Roger McGough’s Collected Poems

Rimbaud once said ‘I am unknown; what does that matter? All poets are brothers.’

Roger McGough, I gather, once believed that, but it didn’t take long to be disavowed of the notion. He talked about it in a Guardian interview:

“When Motion and Morrison edited the Penguin Book of British Poetry, we were totally omitted. There’s been a lot of that,” he says. “Those years when Motion was editor of Poetry Review, and Craig Raine was poetry editor at Faber … I felt we were always in the position of having to defend ourselves. We got cheesed off at being referred to as small-town Mantovanis, or the pop brigade. I suppose because we didn’t do English at university, or because the poetry I was writing could be appreciated by my mother or my aunties. It came out of a sort of naivety.” There is naivety, too, though of a characteristically charming sort, in his stated belief in “the brotherhood of poetry. I felt, with my first poem, that I had entered this brotherhood. Which turned out not to be the case.”

What is it about today that makes the definition of poetry such a miserable snobbish thing? If there is any artistic form that should be readily intelligible and accessible it is poetry: historically, after all, it existed as an important form of communication.

Is it merely that those who make a successful living from art are always jealously viewed by those artists who don’t? Those artists who think it is important to be obscure, difficult, unread?

Best is to hear the poet read his own work. However, I was lucky enough to hear Warren Mitchell recite the following, which is one of his favourites…it is easy to imagine that he is perfect for the role.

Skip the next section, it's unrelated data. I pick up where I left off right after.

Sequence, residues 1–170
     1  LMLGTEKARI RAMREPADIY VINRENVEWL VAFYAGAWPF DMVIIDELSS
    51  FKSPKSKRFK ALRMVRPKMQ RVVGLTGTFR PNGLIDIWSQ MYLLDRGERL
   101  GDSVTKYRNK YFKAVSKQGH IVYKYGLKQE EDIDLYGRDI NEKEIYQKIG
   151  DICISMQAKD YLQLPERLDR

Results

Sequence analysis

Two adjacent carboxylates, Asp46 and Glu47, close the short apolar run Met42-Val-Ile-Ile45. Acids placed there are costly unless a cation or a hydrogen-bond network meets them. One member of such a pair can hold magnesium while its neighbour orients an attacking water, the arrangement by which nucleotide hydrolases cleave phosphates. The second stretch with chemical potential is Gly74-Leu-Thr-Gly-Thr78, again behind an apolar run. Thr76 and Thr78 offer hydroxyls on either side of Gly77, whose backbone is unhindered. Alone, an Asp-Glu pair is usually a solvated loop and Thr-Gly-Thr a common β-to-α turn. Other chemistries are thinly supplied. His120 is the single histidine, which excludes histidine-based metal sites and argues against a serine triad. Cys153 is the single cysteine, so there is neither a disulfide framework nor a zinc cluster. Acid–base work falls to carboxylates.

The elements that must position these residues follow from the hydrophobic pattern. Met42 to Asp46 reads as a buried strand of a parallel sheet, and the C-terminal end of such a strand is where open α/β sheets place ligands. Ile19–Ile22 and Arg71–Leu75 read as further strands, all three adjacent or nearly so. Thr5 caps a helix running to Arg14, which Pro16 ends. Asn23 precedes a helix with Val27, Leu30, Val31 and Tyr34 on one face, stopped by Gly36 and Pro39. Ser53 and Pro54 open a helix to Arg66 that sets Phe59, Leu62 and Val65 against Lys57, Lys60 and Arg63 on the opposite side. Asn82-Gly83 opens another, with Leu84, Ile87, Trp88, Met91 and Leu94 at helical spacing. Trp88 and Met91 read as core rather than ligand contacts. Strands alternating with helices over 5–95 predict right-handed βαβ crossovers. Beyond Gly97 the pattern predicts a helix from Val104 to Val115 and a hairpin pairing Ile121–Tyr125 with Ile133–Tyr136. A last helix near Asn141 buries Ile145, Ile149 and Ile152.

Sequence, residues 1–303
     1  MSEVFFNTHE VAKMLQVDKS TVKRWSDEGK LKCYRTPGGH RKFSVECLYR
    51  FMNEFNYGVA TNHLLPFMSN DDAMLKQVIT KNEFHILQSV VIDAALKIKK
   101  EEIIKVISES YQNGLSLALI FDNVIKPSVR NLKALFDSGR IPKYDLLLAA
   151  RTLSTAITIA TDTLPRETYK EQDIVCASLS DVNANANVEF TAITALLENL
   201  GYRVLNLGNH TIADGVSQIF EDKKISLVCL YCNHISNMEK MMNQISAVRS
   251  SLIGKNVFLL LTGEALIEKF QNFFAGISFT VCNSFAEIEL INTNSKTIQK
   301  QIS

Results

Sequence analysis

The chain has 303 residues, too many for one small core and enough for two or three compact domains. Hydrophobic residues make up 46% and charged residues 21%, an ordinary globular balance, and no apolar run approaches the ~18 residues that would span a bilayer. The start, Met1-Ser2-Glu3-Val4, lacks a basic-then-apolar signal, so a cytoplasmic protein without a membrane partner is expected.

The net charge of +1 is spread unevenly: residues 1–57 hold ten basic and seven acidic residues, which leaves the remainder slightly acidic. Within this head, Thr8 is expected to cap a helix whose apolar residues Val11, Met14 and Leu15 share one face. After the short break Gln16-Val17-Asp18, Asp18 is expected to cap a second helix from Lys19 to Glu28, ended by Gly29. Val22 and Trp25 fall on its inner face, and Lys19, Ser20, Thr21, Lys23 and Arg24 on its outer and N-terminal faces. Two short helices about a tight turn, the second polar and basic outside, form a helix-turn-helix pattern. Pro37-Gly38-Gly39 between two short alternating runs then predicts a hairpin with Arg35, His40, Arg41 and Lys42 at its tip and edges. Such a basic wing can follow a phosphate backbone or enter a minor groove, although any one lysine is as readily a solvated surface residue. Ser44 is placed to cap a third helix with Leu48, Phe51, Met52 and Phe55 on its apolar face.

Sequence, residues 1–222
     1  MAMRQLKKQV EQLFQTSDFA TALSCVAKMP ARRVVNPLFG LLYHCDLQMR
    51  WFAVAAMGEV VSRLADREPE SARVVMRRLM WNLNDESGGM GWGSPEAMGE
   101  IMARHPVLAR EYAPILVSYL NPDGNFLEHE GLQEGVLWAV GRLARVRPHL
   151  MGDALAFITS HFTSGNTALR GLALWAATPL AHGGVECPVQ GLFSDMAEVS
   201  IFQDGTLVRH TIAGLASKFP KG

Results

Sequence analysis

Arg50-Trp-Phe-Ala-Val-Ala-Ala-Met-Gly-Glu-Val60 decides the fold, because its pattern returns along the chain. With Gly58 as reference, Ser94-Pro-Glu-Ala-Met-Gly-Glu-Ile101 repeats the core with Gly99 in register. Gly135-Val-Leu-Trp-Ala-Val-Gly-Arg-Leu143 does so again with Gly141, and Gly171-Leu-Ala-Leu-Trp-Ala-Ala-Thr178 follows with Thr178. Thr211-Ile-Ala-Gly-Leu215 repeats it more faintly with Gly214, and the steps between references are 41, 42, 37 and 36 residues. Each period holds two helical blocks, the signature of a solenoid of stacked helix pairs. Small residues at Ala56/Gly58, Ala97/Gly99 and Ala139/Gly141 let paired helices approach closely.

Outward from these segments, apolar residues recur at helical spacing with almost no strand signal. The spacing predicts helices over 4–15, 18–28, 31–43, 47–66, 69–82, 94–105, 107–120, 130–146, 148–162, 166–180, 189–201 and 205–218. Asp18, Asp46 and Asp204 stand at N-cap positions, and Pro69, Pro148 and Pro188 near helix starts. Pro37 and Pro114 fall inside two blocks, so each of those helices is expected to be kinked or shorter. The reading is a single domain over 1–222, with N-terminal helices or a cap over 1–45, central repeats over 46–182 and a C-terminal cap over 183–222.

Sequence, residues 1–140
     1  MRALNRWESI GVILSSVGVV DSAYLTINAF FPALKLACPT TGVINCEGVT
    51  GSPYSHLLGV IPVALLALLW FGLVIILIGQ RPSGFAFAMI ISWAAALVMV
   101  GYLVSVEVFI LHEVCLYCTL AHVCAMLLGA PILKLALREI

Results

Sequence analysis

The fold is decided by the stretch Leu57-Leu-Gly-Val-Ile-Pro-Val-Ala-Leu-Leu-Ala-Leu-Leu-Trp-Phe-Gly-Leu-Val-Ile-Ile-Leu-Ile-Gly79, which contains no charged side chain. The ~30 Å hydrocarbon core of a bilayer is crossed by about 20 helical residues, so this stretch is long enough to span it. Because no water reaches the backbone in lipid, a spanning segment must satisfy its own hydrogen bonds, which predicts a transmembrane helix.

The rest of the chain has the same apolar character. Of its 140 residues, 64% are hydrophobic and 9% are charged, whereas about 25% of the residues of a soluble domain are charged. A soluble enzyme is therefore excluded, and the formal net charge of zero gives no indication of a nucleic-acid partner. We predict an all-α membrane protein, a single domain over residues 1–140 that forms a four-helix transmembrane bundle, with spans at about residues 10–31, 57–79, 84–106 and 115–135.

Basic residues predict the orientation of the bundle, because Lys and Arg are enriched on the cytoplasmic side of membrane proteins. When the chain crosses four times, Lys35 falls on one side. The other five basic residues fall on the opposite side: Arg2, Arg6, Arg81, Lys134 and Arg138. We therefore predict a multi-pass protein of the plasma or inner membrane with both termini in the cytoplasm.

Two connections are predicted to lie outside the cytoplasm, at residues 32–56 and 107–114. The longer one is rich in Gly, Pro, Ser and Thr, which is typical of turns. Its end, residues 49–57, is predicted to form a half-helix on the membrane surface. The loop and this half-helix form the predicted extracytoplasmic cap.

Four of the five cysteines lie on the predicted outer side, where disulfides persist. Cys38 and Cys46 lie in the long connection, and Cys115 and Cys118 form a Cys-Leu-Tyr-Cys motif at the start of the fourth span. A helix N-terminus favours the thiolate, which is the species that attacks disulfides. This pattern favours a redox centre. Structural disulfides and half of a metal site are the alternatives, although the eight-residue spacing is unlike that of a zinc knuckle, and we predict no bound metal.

Let Me Die a Youngman’s Death

Let me die a youngman’s death
not a clean and inbetween
the sheets holywater death
not a famous-last-words
peaceful out of breath death

When I’m 73
and in constant good tumour
may I be mown down at dawn
by a bright red sports car
on my way home
from an allnight party

Or when I’m 91
with silver hair
and sitting in a barber’s chair
may rival gangsters
with hamfisted tommyguns burst in
and give me a short back and insides

Or when I’m 104
and banned from the Cavern
may my mistress
catching me in bed with her daughter
and fearing for her son
cut me up into little pieces
and throw away every piece but one

Let me die a youngman’s death
not a free from sin tiptoe in
candle wax and waning death
not a curtains drawn by angels borne
‘what a nice way to go’ death

As you can see, it is important to read McGough’s work too as he does things with words that need to be seen to hear properly.

Not so the next one. I can’t begin to understand, petty jealousy aside, why it is that the literary establishment would consider it appropriate to deem McGough’s work as inadequate:

You and I

I explain quietly. You
hear me shouting. You
try a new tack. I
feel old wounds reopen.

You see both sides. I
see your blinkers. I
am placatory. You
sense a new selfishness.

I am a dove. You
recognize the hawk. You
offer an olive branch. I
feel the thorns.

You bleed. I
see crocodile tears. I
withdraw. You
reel from the impact.